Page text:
Antibiotics are prescribed when sick patients arrive at hospital, before doctors know what kind of bacteria is causing an infection and what antibiotics it might be resistant to. Even when a bacteria is identified as causing an infection, it is labelled as “resistant” (R) or “susceptible” (S) based on fairly arbitrary definitions. However, resistance is rarely all or nothing, mostly it is a degree with antibiotics finding it harder to kill some bacteria than others, rather than not working at all. Fear of treatment failure and resistance is a major driver for prescribing increasingly broad-spectrum antibiotics to ever larger groups of patients. In practice, the data supporting the clinical importance of “R” vs “S” for the initial antibiotics used is surprisingly scarce. One reason it may not be very important is because doctors regularly review patients during hospital and change their antibiotics for lots of reasons. So as long as patients get antibiotics initially, exactly what they are may not matter very much.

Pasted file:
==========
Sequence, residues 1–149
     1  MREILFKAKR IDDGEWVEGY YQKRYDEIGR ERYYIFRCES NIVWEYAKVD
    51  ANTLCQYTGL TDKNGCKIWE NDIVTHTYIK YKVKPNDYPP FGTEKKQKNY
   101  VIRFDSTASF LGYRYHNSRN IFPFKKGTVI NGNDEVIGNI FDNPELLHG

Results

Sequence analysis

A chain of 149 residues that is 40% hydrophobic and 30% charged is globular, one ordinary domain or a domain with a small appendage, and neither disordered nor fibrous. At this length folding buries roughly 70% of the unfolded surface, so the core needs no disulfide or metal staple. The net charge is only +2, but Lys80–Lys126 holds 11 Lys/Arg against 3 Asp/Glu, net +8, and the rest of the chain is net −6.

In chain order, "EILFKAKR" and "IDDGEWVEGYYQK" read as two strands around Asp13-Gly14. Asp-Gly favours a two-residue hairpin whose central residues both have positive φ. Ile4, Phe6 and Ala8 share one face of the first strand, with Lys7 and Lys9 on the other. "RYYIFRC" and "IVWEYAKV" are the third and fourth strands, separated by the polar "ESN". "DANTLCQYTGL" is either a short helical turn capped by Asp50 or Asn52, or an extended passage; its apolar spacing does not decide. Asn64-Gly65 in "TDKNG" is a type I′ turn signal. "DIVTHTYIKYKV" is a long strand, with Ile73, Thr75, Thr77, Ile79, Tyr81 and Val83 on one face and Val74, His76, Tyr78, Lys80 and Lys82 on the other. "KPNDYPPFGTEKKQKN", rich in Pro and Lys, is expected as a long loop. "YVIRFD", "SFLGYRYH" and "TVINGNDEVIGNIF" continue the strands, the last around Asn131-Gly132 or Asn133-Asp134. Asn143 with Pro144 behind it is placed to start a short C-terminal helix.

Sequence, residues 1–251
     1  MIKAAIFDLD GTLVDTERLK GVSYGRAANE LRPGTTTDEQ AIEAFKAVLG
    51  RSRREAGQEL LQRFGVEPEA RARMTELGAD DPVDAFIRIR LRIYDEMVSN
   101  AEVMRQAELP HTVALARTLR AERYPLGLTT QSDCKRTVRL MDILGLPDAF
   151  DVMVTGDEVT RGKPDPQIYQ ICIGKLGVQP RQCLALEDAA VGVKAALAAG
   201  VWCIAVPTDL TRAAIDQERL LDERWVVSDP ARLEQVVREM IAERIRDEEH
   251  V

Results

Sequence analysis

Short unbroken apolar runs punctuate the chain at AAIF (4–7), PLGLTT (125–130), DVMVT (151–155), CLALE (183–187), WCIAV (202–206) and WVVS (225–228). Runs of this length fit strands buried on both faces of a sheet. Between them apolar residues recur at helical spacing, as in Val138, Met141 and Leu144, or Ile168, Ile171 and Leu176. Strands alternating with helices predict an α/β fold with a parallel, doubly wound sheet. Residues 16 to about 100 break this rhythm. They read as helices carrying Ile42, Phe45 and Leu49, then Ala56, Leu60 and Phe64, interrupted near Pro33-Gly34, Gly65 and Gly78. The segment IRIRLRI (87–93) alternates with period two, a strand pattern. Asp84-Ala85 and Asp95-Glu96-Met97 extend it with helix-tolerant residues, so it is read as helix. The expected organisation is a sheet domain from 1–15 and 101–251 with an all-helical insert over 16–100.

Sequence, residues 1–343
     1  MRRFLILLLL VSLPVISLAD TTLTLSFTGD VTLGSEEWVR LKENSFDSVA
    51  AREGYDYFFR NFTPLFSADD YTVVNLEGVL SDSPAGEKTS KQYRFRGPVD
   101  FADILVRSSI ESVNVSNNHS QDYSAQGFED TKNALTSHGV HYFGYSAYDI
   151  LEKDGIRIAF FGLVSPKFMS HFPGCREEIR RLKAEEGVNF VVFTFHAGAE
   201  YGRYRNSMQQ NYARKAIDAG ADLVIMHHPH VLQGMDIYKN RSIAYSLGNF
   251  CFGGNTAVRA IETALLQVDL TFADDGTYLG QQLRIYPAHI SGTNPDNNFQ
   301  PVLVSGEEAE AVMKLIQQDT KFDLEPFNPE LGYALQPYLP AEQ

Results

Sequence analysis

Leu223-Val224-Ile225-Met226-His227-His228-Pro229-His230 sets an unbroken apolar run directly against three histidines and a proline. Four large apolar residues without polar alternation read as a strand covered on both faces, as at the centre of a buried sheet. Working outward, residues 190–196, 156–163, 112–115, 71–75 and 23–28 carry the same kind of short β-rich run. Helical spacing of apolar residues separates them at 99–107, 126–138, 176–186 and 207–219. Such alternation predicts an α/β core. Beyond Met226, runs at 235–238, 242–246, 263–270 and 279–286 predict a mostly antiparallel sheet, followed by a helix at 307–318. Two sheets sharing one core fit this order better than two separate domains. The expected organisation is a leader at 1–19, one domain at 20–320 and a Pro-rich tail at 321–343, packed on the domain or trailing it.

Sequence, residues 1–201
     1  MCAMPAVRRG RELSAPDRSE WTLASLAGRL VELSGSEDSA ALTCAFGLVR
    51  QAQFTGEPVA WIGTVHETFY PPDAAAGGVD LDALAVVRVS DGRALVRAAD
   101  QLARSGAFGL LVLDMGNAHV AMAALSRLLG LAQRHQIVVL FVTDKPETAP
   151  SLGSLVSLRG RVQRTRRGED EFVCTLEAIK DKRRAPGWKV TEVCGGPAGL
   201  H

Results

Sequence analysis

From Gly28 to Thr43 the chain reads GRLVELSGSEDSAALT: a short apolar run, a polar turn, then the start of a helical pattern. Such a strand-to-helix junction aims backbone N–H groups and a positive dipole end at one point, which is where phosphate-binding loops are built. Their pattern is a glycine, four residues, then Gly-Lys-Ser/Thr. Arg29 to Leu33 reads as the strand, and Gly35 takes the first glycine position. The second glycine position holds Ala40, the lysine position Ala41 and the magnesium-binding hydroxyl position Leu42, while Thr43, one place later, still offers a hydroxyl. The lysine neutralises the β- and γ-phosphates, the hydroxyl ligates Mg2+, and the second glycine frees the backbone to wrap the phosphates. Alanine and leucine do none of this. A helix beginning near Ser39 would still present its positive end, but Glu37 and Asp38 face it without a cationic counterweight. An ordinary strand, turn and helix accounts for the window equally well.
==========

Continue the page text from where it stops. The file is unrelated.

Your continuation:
Within our anonymised linked database, we will therefore investigate the impact on clinical outcome of patients with bloodstream infections caused by one family of gram-negative bacteria receiving antibiotics with different amounts of drug susceptibility.